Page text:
So I finally got around to watching Terminator: Dark Fate the other night, the sixth in a series of films that have been going since I was 13 years old. I am now pushing 50.
And it was … fine. Good action, bit of Arnold and Linda Hamilton, hitting all the right Terminator beats. But was it essential?
It’s not like this is any startling revelation, but the field of genre films is littered with unnecessary sequels that are only there for one reason – cash and “protecting the brand.” So many of these sequels fail to pass the pub test – do they tell a story that is worth telling?
Terminator and Terminator 2 together tell a concise apocalyptic story, one that has been exhumed every few years with diminishing returns ever since. Instead of it becoming a story of humanity changing a dark future, seen over six films it’s actually a tale of how no matter how many robots you kill, everything is still going to go horribly wrong somehow in the end.
Take the Alien movies. I had to do a double-check to actually see how many there have been now – eight if you count the spin-offs! Yet the story of Ellen Ripley is actually told pretty well through the first two or three movies alone, and all else is papering in cracks and investigating corners that didn’t turn out to be that interesting in the long run.
Or Predator, one of those franchises that they just can’t let die. One perfect bloody brawler of an action movie. Five increasingly nonessential reboots, sequels and prequels.
And, as I said, Terminator: Dark Fate was fine. It was certainly better than the fourth and fifth Terminator movies, not quite as good as the rather underrated third. But for all intents and purposes, the story of Sarah Connor and Terminators trying to kill her was told perfectly well in the first two movies.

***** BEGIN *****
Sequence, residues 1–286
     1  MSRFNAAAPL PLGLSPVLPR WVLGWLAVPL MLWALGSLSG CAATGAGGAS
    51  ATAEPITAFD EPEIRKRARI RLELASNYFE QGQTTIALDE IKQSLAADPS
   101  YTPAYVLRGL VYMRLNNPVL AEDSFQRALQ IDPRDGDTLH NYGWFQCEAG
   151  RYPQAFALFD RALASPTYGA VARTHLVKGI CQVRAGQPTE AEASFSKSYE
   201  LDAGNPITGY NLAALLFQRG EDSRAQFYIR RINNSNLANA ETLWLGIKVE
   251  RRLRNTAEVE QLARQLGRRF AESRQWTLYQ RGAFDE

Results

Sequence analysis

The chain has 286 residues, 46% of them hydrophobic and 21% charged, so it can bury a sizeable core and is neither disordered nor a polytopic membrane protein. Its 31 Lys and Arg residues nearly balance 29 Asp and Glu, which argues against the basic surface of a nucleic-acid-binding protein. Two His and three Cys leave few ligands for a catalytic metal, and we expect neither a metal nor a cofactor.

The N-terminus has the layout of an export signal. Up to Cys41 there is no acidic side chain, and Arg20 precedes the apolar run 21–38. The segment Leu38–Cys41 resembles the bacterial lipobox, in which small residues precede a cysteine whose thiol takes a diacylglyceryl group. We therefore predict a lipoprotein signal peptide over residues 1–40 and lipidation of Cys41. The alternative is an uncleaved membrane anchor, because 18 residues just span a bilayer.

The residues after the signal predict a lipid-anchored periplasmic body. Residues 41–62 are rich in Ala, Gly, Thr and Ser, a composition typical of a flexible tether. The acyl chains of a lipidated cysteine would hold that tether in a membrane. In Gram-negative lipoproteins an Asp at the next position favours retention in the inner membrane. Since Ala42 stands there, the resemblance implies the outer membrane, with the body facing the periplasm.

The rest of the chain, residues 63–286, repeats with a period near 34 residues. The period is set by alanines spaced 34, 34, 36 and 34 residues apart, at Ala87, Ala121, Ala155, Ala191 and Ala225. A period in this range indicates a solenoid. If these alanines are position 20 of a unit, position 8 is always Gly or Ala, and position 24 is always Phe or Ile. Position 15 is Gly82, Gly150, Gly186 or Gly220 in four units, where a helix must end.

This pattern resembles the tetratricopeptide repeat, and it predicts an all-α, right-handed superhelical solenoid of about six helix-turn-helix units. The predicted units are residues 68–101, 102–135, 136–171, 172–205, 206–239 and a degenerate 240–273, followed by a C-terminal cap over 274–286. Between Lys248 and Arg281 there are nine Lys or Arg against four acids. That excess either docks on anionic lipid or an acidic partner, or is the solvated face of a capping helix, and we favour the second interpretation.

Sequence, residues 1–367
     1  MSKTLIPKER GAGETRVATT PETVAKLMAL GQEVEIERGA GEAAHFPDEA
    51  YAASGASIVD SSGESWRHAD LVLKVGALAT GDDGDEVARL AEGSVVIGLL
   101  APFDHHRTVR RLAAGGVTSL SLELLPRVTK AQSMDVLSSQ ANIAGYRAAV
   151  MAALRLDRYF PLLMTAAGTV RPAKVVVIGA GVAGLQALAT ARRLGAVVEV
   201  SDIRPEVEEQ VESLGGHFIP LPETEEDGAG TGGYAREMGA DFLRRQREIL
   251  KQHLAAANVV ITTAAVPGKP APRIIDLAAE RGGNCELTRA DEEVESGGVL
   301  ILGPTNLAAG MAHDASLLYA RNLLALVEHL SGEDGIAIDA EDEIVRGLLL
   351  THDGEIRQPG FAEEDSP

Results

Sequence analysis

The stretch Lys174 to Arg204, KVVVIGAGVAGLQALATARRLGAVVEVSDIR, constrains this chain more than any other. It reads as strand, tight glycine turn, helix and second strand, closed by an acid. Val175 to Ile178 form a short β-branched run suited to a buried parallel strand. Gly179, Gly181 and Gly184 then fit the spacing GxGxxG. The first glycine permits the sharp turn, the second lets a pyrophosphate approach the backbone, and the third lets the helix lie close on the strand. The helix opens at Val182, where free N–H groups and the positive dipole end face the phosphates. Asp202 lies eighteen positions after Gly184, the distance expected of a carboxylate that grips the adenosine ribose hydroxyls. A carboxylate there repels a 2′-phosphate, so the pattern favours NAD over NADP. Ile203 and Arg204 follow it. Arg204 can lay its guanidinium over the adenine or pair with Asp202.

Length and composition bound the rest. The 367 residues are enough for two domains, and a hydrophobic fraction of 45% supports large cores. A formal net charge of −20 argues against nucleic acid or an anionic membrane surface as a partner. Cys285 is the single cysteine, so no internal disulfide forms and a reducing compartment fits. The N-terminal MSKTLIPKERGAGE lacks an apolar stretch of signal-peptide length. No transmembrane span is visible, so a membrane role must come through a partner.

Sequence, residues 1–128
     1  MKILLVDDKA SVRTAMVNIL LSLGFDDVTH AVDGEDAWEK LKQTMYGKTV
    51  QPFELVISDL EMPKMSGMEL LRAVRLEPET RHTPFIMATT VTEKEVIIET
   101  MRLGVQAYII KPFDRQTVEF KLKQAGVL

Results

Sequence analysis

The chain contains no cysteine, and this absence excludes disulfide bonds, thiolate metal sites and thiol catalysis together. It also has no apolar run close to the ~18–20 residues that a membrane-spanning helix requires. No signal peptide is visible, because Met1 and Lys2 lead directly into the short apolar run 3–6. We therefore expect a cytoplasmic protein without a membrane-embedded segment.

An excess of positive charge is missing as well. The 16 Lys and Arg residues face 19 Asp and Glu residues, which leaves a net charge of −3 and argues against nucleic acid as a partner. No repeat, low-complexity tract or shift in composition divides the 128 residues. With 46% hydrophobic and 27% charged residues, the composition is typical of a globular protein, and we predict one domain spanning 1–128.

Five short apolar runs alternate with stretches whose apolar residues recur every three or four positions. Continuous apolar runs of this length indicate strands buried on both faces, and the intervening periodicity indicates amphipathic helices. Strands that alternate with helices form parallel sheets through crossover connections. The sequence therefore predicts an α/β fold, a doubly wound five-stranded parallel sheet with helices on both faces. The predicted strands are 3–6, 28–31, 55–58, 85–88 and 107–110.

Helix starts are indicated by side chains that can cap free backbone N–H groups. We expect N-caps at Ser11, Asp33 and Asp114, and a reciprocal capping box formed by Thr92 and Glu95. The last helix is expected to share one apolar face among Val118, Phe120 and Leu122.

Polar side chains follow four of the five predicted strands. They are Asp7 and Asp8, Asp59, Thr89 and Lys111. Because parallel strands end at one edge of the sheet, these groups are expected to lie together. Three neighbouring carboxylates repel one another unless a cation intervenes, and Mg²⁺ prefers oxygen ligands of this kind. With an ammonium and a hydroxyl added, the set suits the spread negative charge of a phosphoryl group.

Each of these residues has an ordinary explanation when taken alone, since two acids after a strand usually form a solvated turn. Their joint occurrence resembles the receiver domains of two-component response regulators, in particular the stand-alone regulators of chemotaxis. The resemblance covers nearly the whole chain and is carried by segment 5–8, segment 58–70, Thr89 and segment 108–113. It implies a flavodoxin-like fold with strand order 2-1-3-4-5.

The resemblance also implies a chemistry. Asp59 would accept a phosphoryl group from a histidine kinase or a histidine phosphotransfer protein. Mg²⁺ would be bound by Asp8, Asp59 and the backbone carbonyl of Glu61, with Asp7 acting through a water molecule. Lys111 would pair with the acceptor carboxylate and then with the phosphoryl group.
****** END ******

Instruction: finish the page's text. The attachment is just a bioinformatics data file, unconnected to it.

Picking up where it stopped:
The marketing machines gear up these nonessential sequels and reboots every few years and they become a blur. Just in the last 15 years or so we’ve had airy reworkings of Total Recall, Fright Night, Robocop, Tron, Ghostbusters, Point Break and more that evaporate almost from the moment you think of them. It doesn’t mean a franchise can’t carry on indefinitely – the Marvel movies machine franchise manages to keep you wanting to know what’s happening next in the sprawling tapestry, and even if the movies aren’t all of the same quality, you generally feel they were worth telling. And even a years-later sequel to an old idea can still bring something new, such as Mad Max: Fury Road or Blade Runner 2049.
I know it won’t happen in Hollywood, but just wish sometimes the question would be asked, is the story worth telling? Most of the time, the answer is that it was told fine the first time.